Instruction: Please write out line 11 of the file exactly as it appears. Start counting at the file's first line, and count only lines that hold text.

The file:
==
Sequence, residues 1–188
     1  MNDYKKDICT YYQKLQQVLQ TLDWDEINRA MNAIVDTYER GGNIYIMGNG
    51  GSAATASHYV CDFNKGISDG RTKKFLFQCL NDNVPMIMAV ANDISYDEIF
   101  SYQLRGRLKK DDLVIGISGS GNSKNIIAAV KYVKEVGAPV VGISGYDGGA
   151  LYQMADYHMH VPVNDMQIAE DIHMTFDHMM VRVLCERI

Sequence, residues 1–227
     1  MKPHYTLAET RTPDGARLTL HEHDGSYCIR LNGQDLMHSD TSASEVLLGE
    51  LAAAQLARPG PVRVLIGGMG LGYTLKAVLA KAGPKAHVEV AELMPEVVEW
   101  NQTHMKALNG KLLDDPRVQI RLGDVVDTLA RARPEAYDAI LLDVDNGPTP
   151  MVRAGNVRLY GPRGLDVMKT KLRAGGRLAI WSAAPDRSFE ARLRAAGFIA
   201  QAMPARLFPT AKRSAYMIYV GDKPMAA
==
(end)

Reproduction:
   201  QAMPARLFPT AKRSAYMIYV GDKPMAA